This new 90,000-square-foot green-growing factory from a company called FarmedHere is located about 15 miles from downtown Chicago.

Making use of an abandoned warehouse, it is a vertical indoor farm for producing arugula, four types basil, and a whole bevy-ful of fish.

The water from the tilapia tanks is used in the aquaponic (when plants grow in water) and aeroponic (sprayed) systems, so that very little water is ever wasted.

The farm uses about 3% of the water of traditional agriculture.

The facility also cuts energy usage, by eliminating the need for heavy farm equipment and long-distance shipping.

It’s the largest indoor aquaponic farm in the country.

And the first to receive organic certification from the USDA.

The plants grow on six shelves from floor to ceiling.

The plan is to supply up to a million pounds of greens annually, mostly to stores like Whole Foods, but also to local restaurants.

The plan is to supply up to a million pounds of greens annually, mostly to stores like Whole Foods, but also to local restaurants.

The plan is to supply up to a million pounds of greens annually, mostly to stores like Whole Foods, but also to local restaurants.

The plan is to supply up to a million pounds of greens annually, mostly to stores like Whole Foods, but also to local restaurants.

2013-03-27

Co.Exist

Inside A Nondescript Chicago Warehouse Hides An Enormous Farm

The FarmedHere project has filled up 90,000 square feet of space with arugula, herbs, and tilapia, creating a closed system that will supply a million pounds of greens a year.

From enormous rooftop farms to out-the-way greenhouses using up vacant land, urban farms have been appearing all over the place in the last few years. The idea of bringing production closer to market makes sense economically, environmentally, and for urban management. Better to make use of unused space than have it overrun by something less useful.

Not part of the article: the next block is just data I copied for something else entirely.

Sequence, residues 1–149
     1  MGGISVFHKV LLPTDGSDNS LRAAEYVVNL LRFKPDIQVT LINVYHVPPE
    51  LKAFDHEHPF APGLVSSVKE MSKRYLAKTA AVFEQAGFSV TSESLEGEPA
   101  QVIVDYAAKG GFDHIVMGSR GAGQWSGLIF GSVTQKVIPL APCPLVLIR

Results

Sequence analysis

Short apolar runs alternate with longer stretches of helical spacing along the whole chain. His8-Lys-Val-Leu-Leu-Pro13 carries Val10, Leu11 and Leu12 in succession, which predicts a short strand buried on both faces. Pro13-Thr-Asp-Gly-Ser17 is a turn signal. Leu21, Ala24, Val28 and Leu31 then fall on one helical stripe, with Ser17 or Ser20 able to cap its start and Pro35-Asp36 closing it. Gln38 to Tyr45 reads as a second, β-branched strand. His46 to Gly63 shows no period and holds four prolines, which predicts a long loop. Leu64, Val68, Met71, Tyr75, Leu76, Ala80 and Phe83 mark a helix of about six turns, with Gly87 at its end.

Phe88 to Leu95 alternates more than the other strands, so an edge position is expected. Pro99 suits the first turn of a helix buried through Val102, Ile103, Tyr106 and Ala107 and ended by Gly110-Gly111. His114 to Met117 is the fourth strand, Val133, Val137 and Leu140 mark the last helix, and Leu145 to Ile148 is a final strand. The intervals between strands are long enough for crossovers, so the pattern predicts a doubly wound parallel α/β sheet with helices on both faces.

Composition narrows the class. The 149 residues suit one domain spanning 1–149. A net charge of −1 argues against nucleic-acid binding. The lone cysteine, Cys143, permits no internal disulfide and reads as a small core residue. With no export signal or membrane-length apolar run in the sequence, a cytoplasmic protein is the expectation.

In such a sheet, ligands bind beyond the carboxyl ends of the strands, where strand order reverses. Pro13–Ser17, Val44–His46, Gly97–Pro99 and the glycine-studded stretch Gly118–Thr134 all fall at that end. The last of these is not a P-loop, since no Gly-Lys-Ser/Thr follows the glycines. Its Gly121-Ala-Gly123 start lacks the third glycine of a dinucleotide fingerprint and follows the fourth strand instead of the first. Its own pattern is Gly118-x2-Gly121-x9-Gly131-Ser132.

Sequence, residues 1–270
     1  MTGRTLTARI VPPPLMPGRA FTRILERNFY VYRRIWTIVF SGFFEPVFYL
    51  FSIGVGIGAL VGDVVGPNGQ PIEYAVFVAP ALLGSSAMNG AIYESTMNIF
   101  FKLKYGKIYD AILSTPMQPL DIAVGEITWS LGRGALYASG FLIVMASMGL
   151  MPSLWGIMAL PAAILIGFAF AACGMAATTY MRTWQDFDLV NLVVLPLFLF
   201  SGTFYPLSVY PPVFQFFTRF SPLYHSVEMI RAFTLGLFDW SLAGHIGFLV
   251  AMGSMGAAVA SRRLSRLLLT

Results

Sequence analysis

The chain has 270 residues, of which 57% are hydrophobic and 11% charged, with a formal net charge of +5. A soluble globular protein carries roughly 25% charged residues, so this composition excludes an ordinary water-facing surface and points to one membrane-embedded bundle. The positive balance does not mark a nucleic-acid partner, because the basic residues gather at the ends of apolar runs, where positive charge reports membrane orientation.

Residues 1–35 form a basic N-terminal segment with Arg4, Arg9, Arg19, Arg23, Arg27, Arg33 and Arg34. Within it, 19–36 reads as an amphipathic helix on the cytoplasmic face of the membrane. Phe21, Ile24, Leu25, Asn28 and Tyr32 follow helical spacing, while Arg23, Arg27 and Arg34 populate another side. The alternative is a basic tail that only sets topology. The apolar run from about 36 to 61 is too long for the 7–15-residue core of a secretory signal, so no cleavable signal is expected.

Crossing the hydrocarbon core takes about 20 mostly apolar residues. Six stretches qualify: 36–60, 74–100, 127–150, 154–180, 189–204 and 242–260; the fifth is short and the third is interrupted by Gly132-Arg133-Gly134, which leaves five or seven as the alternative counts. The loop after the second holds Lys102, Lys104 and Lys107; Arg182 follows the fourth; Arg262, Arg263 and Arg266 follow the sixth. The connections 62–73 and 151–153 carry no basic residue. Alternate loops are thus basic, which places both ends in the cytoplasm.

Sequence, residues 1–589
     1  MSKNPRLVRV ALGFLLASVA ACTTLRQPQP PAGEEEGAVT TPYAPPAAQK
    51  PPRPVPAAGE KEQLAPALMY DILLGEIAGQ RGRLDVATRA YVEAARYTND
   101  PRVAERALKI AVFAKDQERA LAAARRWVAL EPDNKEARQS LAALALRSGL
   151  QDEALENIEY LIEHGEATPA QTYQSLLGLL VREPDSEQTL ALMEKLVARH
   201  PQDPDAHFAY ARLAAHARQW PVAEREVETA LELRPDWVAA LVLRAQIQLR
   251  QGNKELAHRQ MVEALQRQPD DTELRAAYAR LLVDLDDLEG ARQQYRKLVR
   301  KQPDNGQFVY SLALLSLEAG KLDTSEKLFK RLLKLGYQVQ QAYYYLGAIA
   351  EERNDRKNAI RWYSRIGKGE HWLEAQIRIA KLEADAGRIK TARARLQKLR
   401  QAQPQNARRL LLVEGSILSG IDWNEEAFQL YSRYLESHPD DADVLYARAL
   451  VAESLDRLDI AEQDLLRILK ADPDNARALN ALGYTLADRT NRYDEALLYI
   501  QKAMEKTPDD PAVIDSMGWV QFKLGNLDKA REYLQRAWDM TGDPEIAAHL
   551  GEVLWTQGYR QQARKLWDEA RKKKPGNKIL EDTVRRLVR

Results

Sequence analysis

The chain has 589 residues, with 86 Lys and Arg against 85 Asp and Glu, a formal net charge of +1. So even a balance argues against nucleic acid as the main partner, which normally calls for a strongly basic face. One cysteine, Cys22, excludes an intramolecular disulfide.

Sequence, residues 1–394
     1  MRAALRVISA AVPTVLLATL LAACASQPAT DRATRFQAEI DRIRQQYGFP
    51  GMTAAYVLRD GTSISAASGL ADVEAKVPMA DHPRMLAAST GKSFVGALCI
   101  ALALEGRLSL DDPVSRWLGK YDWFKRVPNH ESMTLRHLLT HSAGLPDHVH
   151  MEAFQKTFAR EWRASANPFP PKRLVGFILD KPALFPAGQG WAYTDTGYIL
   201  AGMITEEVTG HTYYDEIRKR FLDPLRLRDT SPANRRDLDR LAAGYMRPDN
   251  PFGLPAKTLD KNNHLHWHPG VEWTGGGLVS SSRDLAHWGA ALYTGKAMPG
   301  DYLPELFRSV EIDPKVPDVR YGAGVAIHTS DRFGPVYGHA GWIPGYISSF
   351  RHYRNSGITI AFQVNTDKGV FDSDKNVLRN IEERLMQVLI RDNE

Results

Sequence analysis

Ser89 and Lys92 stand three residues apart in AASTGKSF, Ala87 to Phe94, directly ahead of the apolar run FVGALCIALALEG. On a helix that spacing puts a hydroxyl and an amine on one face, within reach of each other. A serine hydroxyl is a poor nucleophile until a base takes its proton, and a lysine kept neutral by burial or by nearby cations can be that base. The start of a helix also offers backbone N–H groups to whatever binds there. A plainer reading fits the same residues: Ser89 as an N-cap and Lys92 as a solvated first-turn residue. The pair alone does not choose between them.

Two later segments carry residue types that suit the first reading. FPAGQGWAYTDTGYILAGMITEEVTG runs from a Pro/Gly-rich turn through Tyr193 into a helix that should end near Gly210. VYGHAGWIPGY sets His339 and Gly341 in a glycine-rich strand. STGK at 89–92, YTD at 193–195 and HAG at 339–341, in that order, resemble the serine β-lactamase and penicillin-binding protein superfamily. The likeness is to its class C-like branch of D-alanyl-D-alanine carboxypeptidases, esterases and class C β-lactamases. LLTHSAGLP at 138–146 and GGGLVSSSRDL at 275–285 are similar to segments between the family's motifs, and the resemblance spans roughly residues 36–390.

The latest addition to the crop is this 90,000-square-foot green-growing factory, about 15 miles from downtown Chicago. Making use of an abandoned warehouse, it is a vertical indoor farm for producing arugula, four types basil, and a whole bevy-ful of fish. Most ingeniously, the water from the tilapia tanks is used in the aquaponic (when plants grow in water) and aeroponic (sprayed) systems, so that very little water is ever wasted.

"We use about 3% of the water of traditional agriculture and it’s all recyclable," says Jolanta Hardej, CEO of FarmedHere, the company behind the facility. In addition, like other indoor farms, the facility cuts energy usage, by eliminating the need for heavy farm equipment and long-distance shipping.

Hardej says the Bedford Park building is the largest indoor aquaponic farm in the country, and the first to receive organic certification from the USDA. The plants grow on six shelves from floor to ceiling, covering 150,000 square feet, and are tended by workers using lifts. The plan is to supply up to a million pounds of greens annually, mostly to stores like Whole Foods, but also to local restaurants.

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5 Comments

  • Alvin26